• Create a new form based on tblClients. Save it as frmClients.
    Add a Command Button called cmdClose; place it below the
    existing fields.
  • Change Suburb and PostCode from text boxes into combo boxes
    (right-click each in turn and Change To > Combo Box)
  • The two combo boxes have very simple RowSource properties.
    In each case the RowSource is a single field (Locality or PCode
    from tblPostCodes), sorted ascending. The RowSources are:
Control RowSource
Suburb SELECT DISTINCT tblPostcodes.Locality FROM tblPostcodes
ORDER BY tblPostcodes.Locality;
PostCode SELECT DISTINCT tblPostcodes.Pcode FROM tblPostcodes
ORDER BY tblPostcodes.Pcode;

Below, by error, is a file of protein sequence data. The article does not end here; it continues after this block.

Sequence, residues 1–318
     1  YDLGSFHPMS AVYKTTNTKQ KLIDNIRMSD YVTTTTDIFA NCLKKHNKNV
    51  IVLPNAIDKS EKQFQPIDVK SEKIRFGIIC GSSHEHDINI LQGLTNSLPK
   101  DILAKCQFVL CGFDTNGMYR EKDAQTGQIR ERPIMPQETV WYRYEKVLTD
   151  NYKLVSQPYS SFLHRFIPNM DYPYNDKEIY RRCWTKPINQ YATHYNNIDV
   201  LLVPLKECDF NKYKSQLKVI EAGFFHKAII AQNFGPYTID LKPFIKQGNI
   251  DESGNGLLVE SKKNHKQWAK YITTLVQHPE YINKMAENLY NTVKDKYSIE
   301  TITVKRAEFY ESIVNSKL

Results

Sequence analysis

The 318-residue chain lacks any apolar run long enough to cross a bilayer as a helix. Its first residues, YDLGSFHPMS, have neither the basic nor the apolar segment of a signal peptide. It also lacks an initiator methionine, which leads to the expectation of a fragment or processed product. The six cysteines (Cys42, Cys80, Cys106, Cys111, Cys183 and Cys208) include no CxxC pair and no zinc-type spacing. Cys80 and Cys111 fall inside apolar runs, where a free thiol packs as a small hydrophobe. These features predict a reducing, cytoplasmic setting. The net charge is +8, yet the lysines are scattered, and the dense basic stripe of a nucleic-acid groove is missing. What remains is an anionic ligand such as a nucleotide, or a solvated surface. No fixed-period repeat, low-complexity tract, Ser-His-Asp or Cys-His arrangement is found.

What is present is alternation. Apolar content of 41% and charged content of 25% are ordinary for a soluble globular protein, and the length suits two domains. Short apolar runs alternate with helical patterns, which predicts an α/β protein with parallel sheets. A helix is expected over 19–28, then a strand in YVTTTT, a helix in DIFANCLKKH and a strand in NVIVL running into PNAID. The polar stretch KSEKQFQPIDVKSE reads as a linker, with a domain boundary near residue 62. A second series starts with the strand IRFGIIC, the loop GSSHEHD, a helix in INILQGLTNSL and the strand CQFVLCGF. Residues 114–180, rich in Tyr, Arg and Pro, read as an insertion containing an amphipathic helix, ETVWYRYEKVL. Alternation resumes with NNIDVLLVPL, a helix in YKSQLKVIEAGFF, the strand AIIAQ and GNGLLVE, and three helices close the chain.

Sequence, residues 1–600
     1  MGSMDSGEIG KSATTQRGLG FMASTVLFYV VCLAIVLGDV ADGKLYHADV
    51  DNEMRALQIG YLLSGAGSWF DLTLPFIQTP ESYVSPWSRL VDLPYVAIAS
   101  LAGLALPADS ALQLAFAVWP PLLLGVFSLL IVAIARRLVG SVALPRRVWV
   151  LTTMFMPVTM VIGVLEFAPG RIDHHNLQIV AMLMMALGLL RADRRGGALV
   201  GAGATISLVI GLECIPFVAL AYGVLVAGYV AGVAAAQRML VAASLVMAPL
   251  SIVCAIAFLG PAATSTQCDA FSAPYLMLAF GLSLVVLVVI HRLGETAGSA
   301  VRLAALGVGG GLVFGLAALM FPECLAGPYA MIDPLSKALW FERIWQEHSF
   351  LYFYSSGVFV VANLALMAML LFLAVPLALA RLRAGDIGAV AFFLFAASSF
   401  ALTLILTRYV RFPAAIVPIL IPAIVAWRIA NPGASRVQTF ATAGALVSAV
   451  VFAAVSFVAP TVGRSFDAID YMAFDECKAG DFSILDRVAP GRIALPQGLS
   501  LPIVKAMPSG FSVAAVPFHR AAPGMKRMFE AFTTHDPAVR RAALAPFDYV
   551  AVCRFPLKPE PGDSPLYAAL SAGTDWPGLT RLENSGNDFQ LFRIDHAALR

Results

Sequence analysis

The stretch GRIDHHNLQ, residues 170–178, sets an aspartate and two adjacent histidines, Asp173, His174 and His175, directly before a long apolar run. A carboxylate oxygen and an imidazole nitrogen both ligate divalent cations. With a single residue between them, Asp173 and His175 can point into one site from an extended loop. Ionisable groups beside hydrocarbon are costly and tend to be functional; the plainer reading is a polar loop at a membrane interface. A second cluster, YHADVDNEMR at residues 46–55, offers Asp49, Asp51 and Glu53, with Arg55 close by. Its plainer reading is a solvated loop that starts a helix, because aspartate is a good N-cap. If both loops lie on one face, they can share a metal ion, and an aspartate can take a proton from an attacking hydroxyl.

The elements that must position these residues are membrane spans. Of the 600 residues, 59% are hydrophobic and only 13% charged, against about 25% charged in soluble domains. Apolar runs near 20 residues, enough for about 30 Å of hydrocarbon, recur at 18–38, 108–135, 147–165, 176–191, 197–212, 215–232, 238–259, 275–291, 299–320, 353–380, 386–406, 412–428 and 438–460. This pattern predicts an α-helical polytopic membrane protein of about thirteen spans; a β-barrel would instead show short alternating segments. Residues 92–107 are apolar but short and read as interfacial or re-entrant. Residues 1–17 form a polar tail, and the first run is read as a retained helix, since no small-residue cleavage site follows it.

The DISTINCT keyword ensures that you will get a list of unique
values. There is no need to alter the Column Count, Bound Column or
Column Widths properties for either control.

The frmClients form looks like this
the finished frmClients form

Code for the Clients form

The frmClients module contains the following:

  • A Declarations section with variables and constants that we
    use to build the SQL filter code
  • A Click event for cmdClose that closes the form
  • AfterUpdate events for both Suburb and PostCode that build
    SQL statements and pass those to a custom function, Populate,
    for processing.
  • The custom function, Populate.

1. The SQL statements in the Declarations section

'SQL for pop-up form
Const sSELECT = "SELECT Locality, State, PCode FROM tblPostcodes "
Const sORDER = "ORDER BY Locality, State, PCode;"
Dim sWHERE As String
Dim sSQL As String

When you look at the layout of a SELECT query with criteria and
sorting, there are four elements.

SELECT [one or more fields]
FROM [a named table or query]
WHERE [one field] = [some value]